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Predatory pricing is what’s wrong with health care
It’s not often that you read what seem to be your own thoughts, but that’s exactly how I felt while reading Steven Weissman’s opinion piece for the Center for Health Journalism. Weissman, who had an eye-opening stint as head of a Miami-area hospital, has a discerning view about why health care costs are out of control and what to do about it.
A couple of his observations:
“Healthcare is the only industry exempt from the rights of the U.S. free market system. Ask the price of any healthcare service and you will always receive the same answer: “What insurance do you have?” Billing is determined by how much can be extracted from each patient on a case by case basis.
Value and market price are entirely irrelevant concepts. Patients who are out of network or uninsured are routinely charged 10X more than “normal” rates. This is fraud in any business—except health care.”
Weissman argues that the current, widespread call for price transparency will merely confuse everyone. With full transparency, we would see that a blood test for cholesterol can range from $10 to $400 or more at the same lab, or that a bill for chest pain hospitalization can range from $3,000 to $25,000 for identical services at the same hospital. Is such information helpful? Or a distraction from demanding that elected representatives fix the real problem?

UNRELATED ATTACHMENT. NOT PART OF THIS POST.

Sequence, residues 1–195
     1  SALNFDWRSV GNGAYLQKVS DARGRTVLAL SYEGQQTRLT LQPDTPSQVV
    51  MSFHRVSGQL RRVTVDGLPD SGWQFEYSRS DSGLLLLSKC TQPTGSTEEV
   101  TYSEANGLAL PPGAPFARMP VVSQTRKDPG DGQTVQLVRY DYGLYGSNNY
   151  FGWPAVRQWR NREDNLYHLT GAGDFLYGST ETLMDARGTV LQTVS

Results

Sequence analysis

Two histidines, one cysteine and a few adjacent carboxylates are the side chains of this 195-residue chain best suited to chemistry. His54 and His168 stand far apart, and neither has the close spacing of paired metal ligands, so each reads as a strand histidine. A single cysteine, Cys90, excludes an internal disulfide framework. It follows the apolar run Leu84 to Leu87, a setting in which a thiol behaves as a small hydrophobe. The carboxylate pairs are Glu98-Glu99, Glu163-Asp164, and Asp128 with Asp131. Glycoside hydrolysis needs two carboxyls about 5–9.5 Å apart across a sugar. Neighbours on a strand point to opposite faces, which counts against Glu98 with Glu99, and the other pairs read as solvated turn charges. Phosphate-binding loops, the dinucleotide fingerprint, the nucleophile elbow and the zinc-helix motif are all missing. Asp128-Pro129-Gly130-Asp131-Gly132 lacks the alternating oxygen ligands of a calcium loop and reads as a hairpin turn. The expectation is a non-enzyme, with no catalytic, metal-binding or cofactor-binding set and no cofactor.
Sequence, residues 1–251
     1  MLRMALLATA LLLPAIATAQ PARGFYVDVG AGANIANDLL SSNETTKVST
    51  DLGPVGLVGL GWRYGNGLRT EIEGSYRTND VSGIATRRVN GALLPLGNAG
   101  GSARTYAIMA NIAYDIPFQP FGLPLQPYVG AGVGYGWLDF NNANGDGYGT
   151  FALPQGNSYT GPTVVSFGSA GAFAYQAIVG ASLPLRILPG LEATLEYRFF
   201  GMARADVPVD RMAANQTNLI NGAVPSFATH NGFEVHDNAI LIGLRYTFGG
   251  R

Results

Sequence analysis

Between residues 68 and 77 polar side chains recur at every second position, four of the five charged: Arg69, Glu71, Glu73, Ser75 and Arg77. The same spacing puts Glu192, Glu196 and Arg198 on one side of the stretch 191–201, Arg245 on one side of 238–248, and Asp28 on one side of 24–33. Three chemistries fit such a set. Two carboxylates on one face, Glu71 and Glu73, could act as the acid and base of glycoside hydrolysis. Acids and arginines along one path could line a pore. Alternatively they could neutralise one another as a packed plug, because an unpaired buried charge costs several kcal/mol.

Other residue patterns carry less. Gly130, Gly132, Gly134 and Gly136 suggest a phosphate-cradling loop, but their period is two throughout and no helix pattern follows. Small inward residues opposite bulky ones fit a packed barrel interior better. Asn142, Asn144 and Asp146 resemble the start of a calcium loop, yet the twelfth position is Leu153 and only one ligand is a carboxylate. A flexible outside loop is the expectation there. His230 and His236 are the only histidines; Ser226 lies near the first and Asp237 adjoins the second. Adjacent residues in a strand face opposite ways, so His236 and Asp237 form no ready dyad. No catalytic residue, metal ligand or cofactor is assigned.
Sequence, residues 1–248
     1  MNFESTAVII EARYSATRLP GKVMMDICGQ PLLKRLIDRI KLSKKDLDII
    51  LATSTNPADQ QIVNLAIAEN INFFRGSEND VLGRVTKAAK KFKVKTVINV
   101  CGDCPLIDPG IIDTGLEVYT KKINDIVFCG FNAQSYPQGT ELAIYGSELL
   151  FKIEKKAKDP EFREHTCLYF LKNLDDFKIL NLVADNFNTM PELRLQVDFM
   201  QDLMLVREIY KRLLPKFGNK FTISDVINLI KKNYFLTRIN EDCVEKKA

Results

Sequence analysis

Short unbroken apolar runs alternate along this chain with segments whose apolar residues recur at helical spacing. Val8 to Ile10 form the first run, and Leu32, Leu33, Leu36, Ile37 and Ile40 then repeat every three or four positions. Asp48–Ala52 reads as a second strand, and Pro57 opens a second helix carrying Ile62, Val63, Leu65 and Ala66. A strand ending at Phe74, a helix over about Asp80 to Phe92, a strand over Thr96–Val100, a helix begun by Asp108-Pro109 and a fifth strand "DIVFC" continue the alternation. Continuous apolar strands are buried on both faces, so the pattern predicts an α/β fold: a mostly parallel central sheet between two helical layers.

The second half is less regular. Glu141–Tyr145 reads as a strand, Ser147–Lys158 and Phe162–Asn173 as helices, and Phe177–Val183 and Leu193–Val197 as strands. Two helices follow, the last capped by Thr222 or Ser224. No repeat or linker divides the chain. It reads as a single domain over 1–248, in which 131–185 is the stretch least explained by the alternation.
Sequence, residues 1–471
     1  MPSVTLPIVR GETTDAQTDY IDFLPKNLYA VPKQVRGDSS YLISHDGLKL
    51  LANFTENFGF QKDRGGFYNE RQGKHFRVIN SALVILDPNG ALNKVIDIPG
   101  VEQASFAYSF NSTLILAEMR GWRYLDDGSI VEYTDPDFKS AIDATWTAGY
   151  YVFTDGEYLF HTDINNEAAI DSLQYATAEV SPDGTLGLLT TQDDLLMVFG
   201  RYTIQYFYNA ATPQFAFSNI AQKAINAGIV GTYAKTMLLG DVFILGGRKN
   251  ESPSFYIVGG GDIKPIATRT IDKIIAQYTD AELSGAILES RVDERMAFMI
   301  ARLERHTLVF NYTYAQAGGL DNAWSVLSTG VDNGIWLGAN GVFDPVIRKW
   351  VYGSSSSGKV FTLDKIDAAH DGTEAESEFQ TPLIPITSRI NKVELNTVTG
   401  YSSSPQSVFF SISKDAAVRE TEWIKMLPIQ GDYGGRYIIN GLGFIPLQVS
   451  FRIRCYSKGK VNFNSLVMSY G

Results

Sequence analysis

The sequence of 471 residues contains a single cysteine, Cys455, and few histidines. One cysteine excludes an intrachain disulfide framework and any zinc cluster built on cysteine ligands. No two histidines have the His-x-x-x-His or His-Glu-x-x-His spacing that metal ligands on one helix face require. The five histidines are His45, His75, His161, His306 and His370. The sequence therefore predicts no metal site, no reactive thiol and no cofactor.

How do we fix it? Weissman again:
“The solution is for Congress to require healthcare providers to publish actual prices, just like all other businesses. All patients, insured and uninsured, should be billed the same published rate for the same service. Hospitals, physicians and labs should have continued freedom to set their own prices, but predatory pricing—a different rate for each patient—must end.”
When rates are set, patients can shop for good health care value. Providers will be forced to compete based on price, quality and service. Health care costs will plummet, and so will the cost of health insurance.
Is this a dream? Perhaps. There are massive amounts of lobbying dollars to make sure it never comes true. But each of us should be asking lawmakers why they’re protecting the status quo. Why are they supporting an enormous economy that distorts the market principles on which all other U.S. industries are based and that brings the consequences of those distortions down on the backs of citizens?
The price problem in health care is fixable. It takes only courage.